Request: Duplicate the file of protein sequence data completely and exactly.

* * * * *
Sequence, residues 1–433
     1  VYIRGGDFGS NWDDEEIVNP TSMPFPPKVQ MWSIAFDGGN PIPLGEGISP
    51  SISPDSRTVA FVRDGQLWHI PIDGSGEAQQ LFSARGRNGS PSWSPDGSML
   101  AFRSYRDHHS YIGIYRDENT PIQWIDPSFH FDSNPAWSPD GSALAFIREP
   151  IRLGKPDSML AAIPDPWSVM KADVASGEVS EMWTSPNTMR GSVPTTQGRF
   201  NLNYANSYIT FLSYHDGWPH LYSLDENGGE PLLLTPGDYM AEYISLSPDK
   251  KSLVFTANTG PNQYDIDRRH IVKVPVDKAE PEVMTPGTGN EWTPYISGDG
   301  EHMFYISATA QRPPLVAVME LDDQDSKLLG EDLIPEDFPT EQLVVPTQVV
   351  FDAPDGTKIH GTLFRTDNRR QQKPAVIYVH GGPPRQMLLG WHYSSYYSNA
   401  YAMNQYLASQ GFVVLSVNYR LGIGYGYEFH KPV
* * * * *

Sequence, residues 1–433
     1  VYIRGGDFGS NWDDEEIVNP TSMPFPPKVQ MWSIAFDGGN PIPLGEGISP
    51  SISPDSRTVA FVRDGQLWHI PIDGSGEAQQ LFSARGRNGS PSWSPDGSML
   101  AFRSYRDHHS YIGIYRDENT PIQWIDPSFH FDSNPAWSPD GSALAFIREP
   151  IRLGKPDSML AAIPDPWSVM KADVASGEVS EMWTSPNTMR GSVPTTQGRF
   201  NLNYANSYIT FLSYHDGWPH LYSLDENGGE PLLLTPGDYM AEYISLSPDK
   251  KSLVFTANTG PNQYDIDRRH IVKVPVDKAE PEVMTPGTGN EWTPYISGDG
   301  EHMFYISATA QRPPLVAVME LDDQDSKLLG EDLIPEDFPT EQLVVPTQVV
   351  FDAPDGTKIH GTLFRTDNRR QQKPAVIYVH GGPPRQMLLG WHYSSYYSNA
   401  YAMNQYLASQ GFVVLSVNYR LGIGYGYEFH KPV